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of introduction, preference being given to the old form of lock-case, with its projecting key-post, though it necessitated the hand-chiselled mortise and fastening-screws for its attachment." Speaking of his own prior patent of May 24, 1881, he says: "The lock-case being thus secured at its sides, allowed of a space or recess being formed in the rear wall of the mortise and in rear of the cap-plate for the reception of the projecting key-posts, which space was covered and concealed from view by the projecting top plate for selvedge. While this latter construction of lock possessed valuable features of improvement not disclosed by the prior art, yet the form of lock shown and described in the patent is such as to preclude its adoption for use in routed cavities, because this front plate is not of the proper form to fit within and cover a cavity made by a routing tool. The object of this invention is to obviate the objectionable features and defects hereinbefore set forth, and provide a lock-case of such form and construction that it may have a projecting key-post, if so desired, and be secured within a routed cavity, and snugly retained therein, so as to conceal the cavity from view, and form a neat and finished appearance when in place. With these ends in view my invention consists in a lock-case having its edges constructed to engage or interlock with the side walls of a routed cavity, and provided with a front plate having a rounded bottom adapted to fit within a countersunk recess around the routed cavity, and constitute a support for the lock-case and conceal the cavity from view." This lock differs from the prior Spiegel patent principally in being rounded at the bottom so as to be fitted to a routed cavity, and prevent the displacement of the lock either in a forward or backward direction, and also in having a space in the rear wall of the cavity for a projecting key-post.
This was practically the state of the art when Orum's patent was granted. In this patent the shell or case of the lock is dovetailed to fit a corresponding dovetailed cavity, and the selvedge is also made of similar dovetail shape.The front plate projects upon each side of the case and is rounded at the bottom, so that it may be fitted to a routed cavity. The
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lock is held in position by two tacks through the upper corners of the front plate, or by a single tack driven through a hole at the base of the plate. To insert the lock, it is simply slipped down into place in the mortise and secured against lifting by one or more tacks which are used merely to prevent the lock from slipping out of the mortise, and are not called upon to resist a strain. His claim is for "the lock herein described, having a dovetail cap and top plate, and a front plate projecting laterally and below the cap and rounded at the bottom, whereby the lock is adapted for insertion in a mortise formed by a laterally-cutting bit, and when in position is sustained by a countersunk front plate, as set forth." There is no mention made, in the specification or claim, of a projecting key-post or of any space for its reception, although such a key-post is shown in the drawing, and it was evidently intended that the mortise should be made deep enough to receive it, or that a special channel should be cut out for that purpose. The selvedge was made wide enough to cover a cavity corresponding in depth to the projection of such key-post.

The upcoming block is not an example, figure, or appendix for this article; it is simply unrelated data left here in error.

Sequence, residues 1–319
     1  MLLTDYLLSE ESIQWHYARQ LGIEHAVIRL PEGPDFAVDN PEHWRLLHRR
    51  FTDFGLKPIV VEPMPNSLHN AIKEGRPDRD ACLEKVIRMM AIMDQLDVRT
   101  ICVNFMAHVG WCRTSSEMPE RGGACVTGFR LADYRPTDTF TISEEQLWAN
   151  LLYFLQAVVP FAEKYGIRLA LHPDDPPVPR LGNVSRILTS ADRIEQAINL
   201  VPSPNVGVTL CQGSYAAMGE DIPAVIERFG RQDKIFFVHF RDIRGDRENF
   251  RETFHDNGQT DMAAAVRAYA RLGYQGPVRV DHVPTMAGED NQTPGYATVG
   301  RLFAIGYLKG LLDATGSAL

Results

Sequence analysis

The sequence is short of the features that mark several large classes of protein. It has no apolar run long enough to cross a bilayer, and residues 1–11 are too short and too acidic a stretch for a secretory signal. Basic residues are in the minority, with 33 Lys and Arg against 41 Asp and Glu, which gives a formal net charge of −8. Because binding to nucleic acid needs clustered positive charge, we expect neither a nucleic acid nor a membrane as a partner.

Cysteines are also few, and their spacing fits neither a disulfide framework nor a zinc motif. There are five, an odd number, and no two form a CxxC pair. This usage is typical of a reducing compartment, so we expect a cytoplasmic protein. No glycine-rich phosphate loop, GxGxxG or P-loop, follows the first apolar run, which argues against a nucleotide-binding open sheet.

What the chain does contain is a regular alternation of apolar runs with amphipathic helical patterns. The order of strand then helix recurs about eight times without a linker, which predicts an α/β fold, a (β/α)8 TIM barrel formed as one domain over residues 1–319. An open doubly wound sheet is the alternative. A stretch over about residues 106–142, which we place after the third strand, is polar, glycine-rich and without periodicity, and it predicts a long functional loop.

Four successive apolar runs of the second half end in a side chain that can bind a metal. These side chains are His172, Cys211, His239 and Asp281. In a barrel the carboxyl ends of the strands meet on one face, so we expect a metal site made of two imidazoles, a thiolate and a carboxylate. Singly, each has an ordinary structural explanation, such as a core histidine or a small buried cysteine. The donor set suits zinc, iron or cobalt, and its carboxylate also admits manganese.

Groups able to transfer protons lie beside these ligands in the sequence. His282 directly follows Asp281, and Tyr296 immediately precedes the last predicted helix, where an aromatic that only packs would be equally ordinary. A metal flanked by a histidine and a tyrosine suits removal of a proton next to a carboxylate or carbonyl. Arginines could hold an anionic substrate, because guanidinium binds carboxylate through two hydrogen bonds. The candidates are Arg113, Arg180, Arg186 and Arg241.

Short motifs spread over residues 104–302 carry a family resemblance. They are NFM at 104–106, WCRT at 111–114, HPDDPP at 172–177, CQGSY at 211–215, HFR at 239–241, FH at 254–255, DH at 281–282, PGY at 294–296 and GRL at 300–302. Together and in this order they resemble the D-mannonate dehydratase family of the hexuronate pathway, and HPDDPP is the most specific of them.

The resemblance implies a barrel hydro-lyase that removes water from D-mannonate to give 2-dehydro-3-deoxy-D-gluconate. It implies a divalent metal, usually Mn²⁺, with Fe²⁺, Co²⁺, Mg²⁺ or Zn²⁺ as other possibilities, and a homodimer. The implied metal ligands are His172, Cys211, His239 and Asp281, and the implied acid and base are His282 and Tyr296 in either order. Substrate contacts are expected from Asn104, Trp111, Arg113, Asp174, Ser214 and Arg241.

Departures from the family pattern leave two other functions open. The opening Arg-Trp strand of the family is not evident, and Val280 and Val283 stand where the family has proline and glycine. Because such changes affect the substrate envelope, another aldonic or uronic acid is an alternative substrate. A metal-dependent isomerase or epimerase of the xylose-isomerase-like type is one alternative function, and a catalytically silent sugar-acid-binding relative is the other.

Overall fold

In view of the advance that had been made by prior inventors, it is difficult to see wherein Orum displayed anything more than the usual skill of a mechanic in the execution of his device.
All that he claims as invention is found in one or more of the prior patents. The dovetailed cavity and the correspondingly shaped case or shell is only a copy of a cavity shown in Fig. 8 of the Gory patent, and it certainly required no invention to make the top plate or selvedge of the same shape so as to completely cover the cavity. The projecting front plate rounded at the bottom is shown in the second Spiegel patent, both of these patents also exhibiting a projecting back and front plate, and a projection or groove in the mortise between them. Neither is the countersunk recess for the reception of the front plate novel, since it is also found in the second patent to Spiegel, and expressly set forth as an element of his first two claims. In each case it is used for the purpose of supporting the lock vertically, and also of
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preventing it falling backward against the inner wall of the mortise.
In view of the fact that Mr. Orum had no actual knowledge of the Gory patent, he may rightfully claim the quality of invention in the conception of his own device, but as he is deemed in a legal point of view to have had this and all other prior patents before him, his title to invention rests upon modifications of these, too trivial to be the subject of serious consideration. His "radically new idea of making the mortise as deep as the width of the projecting selvedge and of cutting out the selvedge at its ends," as claimed by his counsel, was such as would have occurred at once to an ordinarily intelligent mechanic who had the previous devices before him. To speak of these trifling variations as involving months of labor, thought, and experiment is a misuse of words. In his own testimony, Mr. Orum, who was called as a witness by the defendant, says that if he had been acquainted with the Gory patent he would have had no difficulty in making the top plate of the Spiegel lock conform to a dovetailed cavity, or any other routed cavity. While the testimony of a patentee in derogation of his own patent is usually open to some suspicion, this opinion is so obviously correct that it needs only a comparison of his device with those of Gory and Spiegel to confirm it.
It is true the Orum lock seems to have gained an immediate popularity, to have met with large and increasing sales, and to have had the usual effect of successful patents in stimulating the activity of business competitors to produce an equally useful and popular device. Were the question of patentability one of doubt this might suffice to turn the scale in favor of the patentee. But there are so many other considerations than that of novelty entering into a question of this kind that the popularity of the article becomes an unsafe criterion. For instance, a man may, by the aid of an alluring trade-mark, succeed in catching the eye of the people, and palming off upon them wares of no greater intrinsic value than those of his rivals; but such trade-mark may be, and usually is, wholly destitute of originality, often taken from some prior publication,
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and appropriated to the specific purpose of the owner. The same result may follow from the more attractive appearance or the more perfect finish of the article, from more extensive advertising, larger discounts in price, or greater energy in pushing sales. While the popularity of the Orum lock may be due to its greater usefulness, or to the fact that it was put upon the market just at the time when cabinet-makers were looking for a lock of this description, it is certainly not due to any patentable feature in its construction.
The decree of the court below dismissing the bill is, therefore,